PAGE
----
Historic image of the Skyway in Buffalo, NY.

History of the Buffalo Skyway Corridor

For more than six decades, the Buffalo Skyway Corridor (NYS Route 5) has occupied a wide swath along the City of Buffalo’s Lake Erie waterfront, extending four miles north from the former steel mills of neighboring Lackawanna to downtown Buffalo. It is comprised of a four-lane, limited-access expressway elevated on an earthen berm, connecting to a 110-foot-high bridge crossing over the federally-regulated shipping channel of the Buffalo River, ultimately connecting with both the elevated I-190 expressway and Delaware Avenue in downtown Buffalo.

Completed in 1953, the Skyway was originally designed to connect truck traffic from multiple large and small factory complexes and the Port of Buffalo to then-fledgling interstate highway system. After generations of de-industrialization and suburban growth, the Skyway has evolved to largely service daily commuter traffic from the “Southtowns” (Buffalo’s southern suburbs), carrying almost 40,000 trips a day as part of a regional system with other highways, such as I-90, I-190, US 219, and US 179.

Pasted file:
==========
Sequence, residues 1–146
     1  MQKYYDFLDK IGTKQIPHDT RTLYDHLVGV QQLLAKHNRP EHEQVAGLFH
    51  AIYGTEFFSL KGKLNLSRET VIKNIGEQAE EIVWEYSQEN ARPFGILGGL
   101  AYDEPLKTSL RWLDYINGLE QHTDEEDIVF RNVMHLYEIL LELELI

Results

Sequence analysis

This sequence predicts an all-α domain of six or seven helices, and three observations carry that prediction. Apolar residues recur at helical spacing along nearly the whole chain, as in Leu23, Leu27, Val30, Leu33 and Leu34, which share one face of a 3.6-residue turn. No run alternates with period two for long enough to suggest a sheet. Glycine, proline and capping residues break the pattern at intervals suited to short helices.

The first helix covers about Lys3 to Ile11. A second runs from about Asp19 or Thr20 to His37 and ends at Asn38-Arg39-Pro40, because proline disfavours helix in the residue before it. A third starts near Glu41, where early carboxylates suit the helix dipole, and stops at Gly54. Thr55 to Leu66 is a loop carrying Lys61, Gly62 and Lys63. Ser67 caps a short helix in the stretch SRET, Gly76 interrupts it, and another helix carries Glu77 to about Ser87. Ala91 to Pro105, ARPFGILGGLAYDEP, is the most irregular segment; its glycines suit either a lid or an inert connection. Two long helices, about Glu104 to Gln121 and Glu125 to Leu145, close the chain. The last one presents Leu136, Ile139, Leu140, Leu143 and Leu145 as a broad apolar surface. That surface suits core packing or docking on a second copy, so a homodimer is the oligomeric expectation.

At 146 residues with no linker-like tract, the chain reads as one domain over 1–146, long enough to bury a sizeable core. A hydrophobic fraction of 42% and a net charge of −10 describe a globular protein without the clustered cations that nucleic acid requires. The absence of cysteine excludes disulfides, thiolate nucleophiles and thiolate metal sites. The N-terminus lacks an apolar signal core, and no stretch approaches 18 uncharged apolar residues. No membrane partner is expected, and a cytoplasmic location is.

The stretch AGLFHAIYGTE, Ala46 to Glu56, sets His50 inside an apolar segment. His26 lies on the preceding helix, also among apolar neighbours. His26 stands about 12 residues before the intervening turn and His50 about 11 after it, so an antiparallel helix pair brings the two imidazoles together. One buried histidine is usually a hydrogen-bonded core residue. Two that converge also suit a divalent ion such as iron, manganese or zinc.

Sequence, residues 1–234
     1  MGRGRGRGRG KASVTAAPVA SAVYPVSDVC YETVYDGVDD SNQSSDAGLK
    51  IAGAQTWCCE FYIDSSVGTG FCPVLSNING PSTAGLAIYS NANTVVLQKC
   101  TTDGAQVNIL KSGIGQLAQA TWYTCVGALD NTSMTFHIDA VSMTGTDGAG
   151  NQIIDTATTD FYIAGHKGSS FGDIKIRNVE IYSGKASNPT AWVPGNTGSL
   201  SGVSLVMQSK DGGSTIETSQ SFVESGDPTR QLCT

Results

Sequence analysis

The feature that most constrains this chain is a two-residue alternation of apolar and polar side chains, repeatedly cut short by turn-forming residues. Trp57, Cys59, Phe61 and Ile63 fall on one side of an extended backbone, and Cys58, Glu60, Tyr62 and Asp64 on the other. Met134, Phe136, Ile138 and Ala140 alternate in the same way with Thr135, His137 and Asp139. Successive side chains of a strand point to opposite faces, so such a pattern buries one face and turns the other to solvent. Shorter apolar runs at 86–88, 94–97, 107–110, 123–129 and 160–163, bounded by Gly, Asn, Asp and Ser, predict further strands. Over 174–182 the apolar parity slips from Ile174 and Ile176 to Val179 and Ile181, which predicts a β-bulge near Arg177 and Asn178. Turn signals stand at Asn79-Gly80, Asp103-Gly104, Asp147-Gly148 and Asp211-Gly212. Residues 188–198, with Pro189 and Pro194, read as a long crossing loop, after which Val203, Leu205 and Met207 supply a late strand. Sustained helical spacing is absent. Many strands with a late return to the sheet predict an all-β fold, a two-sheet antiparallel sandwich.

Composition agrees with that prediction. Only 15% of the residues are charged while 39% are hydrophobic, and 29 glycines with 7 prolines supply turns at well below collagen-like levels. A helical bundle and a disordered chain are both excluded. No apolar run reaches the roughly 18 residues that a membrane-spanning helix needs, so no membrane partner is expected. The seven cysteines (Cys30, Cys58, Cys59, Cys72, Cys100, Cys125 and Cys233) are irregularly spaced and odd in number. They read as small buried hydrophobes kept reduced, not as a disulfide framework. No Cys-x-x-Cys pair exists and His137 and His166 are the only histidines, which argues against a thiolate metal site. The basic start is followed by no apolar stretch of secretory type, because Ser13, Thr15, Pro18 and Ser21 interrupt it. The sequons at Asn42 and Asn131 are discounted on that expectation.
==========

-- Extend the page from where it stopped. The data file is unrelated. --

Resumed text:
Concurrently, since the 1980s closing of the region’s major steel plant complexes, land uses along the Skyway Corridor’s length have drastically transitioned from heavy manufacturing to largely recreational uses, premised on its waterfront location.  This change has had a strong effect on opinions of the continued relevance and value of the Skyway. 

 

 

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